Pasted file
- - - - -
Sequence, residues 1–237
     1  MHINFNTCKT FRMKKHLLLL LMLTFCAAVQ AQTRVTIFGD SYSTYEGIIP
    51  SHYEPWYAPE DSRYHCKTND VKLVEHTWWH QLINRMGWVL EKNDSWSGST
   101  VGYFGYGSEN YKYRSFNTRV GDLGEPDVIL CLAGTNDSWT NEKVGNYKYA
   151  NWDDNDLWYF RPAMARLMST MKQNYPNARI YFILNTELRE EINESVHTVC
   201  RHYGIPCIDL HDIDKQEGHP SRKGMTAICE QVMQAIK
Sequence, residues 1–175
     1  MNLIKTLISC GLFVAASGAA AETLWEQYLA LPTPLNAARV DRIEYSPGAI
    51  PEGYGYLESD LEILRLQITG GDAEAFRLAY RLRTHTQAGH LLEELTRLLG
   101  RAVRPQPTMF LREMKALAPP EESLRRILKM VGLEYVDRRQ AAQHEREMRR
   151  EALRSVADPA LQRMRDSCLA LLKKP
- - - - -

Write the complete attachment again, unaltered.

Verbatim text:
Sequence, residues 1–237
     1  MHINFNTCKT FRMKKHLLLL LMLTFCAAVQ AQTRVTIFGD SYSTYEGIIP
    51  SHYEPWYAPE DSRYHCKTND VKLVEHTWWH QLINRMGWVL EKNDSWSGST
   101  VGYFGYGSEN YKYRSFNTRV GDLGEPDVIL CLAGTNDSWT NEKVGNYKYA
   151  NWDDNDLWYF RPAMARLMST MKQNYPNARI YFILNTELRE EINESVHTVC
   201  RHYGIPCIDL HDIDKQEGHP SRKGMTAICE QVMQAIK
Sequence, residues 1–175
     1  MNLIKTLISC GLFVAASGAA AETLWEQYLA LPTPLNAARV DRIEYSPGAI
    51  PEGYGYLESD LEILRLQITG GDAEAFRLAY RLRTHTQAGH LLEELTRLLG
   101  RAVRPQPTMF LREMKALAPP EESLRRILKM VGLEYVDRRQ AAQHEREMRR
   151  EALRSVADPA LQRMRDSCLA LLKKP